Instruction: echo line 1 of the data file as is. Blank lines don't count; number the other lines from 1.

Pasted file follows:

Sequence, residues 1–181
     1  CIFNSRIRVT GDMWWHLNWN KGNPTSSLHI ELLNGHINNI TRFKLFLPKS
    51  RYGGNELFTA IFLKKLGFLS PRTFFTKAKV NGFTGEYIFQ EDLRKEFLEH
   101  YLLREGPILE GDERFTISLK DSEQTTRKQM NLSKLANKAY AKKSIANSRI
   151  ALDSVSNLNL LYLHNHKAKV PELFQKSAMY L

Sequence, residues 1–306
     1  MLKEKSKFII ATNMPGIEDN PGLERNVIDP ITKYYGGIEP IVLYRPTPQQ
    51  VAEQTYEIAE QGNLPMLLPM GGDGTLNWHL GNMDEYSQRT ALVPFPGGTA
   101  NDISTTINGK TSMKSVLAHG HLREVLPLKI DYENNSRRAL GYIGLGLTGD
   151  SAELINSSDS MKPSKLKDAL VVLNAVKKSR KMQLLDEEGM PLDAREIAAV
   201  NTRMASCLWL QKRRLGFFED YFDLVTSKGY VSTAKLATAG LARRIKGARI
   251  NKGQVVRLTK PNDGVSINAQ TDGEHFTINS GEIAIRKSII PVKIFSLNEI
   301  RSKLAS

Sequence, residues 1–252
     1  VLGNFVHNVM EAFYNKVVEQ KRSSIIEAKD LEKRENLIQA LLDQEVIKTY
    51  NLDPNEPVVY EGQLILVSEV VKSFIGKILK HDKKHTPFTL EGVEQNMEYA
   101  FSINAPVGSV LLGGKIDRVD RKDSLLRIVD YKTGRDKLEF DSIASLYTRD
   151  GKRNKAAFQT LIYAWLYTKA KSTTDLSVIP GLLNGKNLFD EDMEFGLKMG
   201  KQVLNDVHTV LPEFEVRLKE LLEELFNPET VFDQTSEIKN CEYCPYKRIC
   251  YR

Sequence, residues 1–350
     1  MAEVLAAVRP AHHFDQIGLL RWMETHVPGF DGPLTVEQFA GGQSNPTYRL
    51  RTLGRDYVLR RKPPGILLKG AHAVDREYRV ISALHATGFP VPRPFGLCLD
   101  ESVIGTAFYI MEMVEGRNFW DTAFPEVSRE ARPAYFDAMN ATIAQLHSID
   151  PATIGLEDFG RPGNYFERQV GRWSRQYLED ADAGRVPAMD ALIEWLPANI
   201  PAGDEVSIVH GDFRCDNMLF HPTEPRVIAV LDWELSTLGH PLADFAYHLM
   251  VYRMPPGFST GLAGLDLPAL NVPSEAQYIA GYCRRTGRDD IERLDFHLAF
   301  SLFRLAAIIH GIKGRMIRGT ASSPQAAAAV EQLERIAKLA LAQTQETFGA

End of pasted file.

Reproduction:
Sequence, residues 1–181